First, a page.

The SEC saved the more interesting — and controversial — part of its “compensatory offering” modernization for an entirely separate proposal — which would, for a temporary five-year period and subject to a number of conditions, permit companies to provide equity compensation to gig workers who provide services (not goods) to the company (or as the SEC calls them, “platform workers”). Commissioners Hester Peirce and Elad Roisman issued a statement in support of the proposal. Commissioners Allison Herren Lee and Caroline Crenshaw dissented, and they were careful to point out that they did support the other proposal.
Here are the highlights from the SEC’s Fact Sheet:
Under the amendments, an issuer would be able to use the Rule 701 exemption to offer and sell its securities on a compensatory basis to platform workers who, pursuant to a written contract or agreement, provide bona fide services by means of an internet-based platform or other widespread, technology-based marketplace platform or system provided by the issuer if:
- the issuer operates and controls the platform, as demonstrated by its ability to provide access to the platform, to establish the principal terms of service for using the platform and terms and conditions by which the platform worker receives payment for the services provided through the platform, and by its ability to accept and remove platform workers participating in the platform;
- the issuance of securities to participating platform workers is pursuant to a compensatory arrangement, as evidenced by a written compensation plan, contract, or agreement, and is not for services that are in connection with the offer or sale of securities in a capital-raising transaction, or services that directly or indirectly promote or maintain a market for the issuer’s securities;
- no more than 15% of the value of compensation received by a participating worker from the issuer for services provided by means of the platform during a 12-month period, and no more than $75,000 of such compensation received from the issuer during a 36-month period, shall consist of securities, with such value determined at the time the securities are granted;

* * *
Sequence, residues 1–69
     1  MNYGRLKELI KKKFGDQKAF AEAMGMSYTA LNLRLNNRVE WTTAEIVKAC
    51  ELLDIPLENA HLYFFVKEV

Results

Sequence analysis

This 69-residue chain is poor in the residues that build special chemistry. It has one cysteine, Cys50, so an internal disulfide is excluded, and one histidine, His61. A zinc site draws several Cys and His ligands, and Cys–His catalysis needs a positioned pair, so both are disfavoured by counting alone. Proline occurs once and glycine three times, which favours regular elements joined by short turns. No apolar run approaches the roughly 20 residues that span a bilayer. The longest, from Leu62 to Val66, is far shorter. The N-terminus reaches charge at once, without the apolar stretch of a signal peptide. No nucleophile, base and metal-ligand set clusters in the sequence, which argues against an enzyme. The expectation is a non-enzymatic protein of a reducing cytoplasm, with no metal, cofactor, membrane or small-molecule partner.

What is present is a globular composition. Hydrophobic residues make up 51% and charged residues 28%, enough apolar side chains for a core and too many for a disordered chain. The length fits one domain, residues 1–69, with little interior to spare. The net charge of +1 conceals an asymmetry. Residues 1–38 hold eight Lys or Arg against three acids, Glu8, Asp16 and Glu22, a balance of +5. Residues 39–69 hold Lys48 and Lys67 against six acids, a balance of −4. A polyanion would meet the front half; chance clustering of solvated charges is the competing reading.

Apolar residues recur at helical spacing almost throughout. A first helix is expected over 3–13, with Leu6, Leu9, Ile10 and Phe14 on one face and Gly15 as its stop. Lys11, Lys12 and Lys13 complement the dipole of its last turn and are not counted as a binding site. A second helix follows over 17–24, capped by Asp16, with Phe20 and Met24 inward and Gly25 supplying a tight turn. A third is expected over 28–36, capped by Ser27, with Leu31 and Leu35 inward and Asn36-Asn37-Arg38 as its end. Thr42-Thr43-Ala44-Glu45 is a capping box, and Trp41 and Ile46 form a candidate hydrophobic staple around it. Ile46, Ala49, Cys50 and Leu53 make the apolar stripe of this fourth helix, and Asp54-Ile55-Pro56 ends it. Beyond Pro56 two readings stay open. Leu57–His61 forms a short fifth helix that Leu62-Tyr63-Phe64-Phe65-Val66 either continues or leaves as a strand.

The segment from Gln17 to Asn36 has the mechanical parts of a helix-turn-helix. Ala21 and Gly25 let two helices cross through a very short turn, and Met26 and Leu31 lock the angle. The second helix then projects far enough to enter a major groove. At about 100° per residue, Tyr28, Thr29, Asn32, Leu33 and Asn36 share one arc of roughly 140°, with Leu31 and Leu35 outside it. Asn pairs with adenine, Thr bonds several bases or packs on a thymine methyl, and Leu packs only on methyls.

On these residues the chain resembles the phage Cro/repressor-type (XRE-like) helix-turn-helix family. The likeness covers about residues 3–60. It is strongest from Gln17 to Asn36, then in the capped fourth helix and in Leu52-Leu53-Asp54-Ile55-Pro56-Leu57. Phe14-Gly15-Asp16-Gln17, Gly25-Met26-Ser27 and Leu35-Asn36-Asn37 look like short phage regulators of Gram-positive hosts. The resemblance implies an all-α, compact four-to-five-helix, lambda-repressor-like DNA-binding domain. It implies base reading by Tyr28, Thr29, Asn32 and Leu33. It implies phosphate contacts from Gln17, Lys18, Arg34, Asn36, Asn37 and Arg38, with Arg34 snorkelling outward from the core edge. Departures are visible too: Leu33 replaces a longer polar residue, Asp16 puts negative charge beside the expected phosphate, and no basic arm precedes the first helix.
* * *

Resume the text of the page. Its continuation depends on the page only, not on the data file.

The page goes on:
- the amount and terms of any securities issued to a platform worker may not be subject to individual bargaining or the worker’s ability to elect between payment in securities or cash; and
- the issuer must take reasonable steps to prohibit the transfer of the securities issued to a platform worker pursuant to this exemption, other than a transfer to the issuer or by operation of law.
The proposed amendments would also permit an Exchange Act reporting company to make registered securities offerings to its platform workers using Form S-8. The same conditions proposed for Rule 701 issuances would apply to issuances to platform workers on Form S-8, except for the proposed transferability restriction.
The proposed amendments would not permit the issuance of securities for platform worker activities relating to the sale or transfer of permanent ownership of discrete, tangible goods. Depending on the results of the initial expanded use of Rule 701 and Form S-8, if adopted, the Commission could consider expanding eligibility to other activities, such as selling goods or other non-service providing activities in the future.
The proposed amendments would require companies that sell securities to gig workers to furnish information to the SEC at 6-month intervals, to help the Commission decide whether the rule changes should expire, be extended or be made permanent.
Both proposals will be subject to a 60-day comment period following their publication in the Federal Register. Time will tell whether the next SEC Chair will carry either of these proposals across the finish line.
-Liz Dunshee, TheCorporateCounsel.net November 25, 2020